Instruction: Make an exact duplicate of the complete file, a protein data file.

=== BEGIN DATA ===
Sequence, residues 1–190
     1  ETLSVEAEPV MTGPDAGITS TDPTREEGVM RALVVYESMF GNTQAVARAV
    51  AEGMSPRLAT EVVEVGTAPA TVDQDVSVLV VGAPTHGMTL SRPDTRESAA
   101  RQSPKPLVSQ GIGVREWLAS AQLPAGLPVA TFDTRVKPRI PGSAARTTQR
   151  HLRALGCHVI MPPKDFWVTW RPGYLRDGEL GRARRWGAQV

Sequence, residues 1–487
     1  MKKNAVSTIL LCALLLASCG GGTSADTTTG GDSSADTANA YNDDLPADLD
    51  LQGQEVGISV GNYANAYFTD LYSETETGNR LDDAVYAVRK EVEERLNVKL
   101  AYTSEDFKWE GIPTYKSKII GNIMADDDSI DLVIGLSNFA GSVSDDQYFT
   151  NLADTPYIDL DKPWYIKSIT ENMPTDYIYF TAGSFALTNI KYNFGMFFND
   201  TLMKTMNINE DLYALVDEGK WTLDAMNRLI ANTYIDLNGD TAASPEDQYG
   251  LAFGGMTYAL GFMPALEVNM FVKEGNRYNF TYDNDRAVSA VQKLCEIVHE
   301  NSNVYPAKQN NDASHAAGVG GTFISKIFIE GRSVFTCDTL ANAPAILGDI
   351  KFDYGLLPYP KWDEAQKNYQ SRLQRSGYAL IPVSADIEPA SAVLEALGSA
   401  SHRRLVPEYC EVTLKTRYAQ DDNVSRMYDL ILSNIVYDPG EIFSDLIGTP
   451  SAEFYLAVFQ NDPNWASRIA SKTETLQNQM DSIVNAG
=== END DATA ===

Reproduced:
Sequence, residues 1–190
     1  ETLSVEAEPV MTGPDAGITS TDPTREEGVM RALVVYESMF GNTQAVARAV
    51  AEGMSPRLAT EVVEVGTAPA TVDQDVSVLV VGAPTHGMTL SRPDTRESAA
   101  RQSPKPLVSQ GIGVREWLAS AQLPAGLPVA TFDTRVKPRI PGSAARTTQR
   151  HLRALGCHVI MPPKDFWVTW RPGYLRDGEL GRARRWGAQV

Sequence, residues 1–487
     1  MKKNAVSTIL LCALLLASCG GGTSADTTTG GDSSADTANA YNDDLPADLD
    51  LQGQEVGISV GNYANAYFTD LYSETETGNR LDDAVYAVRK EVEERLNVKL
   101  AYTSEDFKWE GIPTYKSKII GNIMADDDSI DLVIGLSNFA GSVSDDQYFT
   151  NLADTPYIDL DKPWYIKSIT ENMPTDYIYF TAGSFALTNI KYNFGMFFND
   201  TLMKTMNINE DLYALVDEGK WTLDAMNRLI ANTYIDLNGD TAASPEDQYG
   251  LAFGGMTYAL GFMPALEVNM FVKEGNRYNF TYDNDRAVSA VQKLCEIVHE
   301  NSNVYPAKQN NDASHAAGVG GTFISKIFIE GRSVFTCDTL ANAPAILGDI
   351  KFDYGLLPYP KWDEAQKNYQ SRLQRSGYAL IPVSADIEPA SAVLEALGSA
   401  SHRRLVPEYC EVTLKTRYAQ DDNVSRMYDL ILSNIVYDPG EIFSDLIGTP
   451  SAEFYLAVFQ NDPNWASRIA SKTETLQNQM DSIVNAG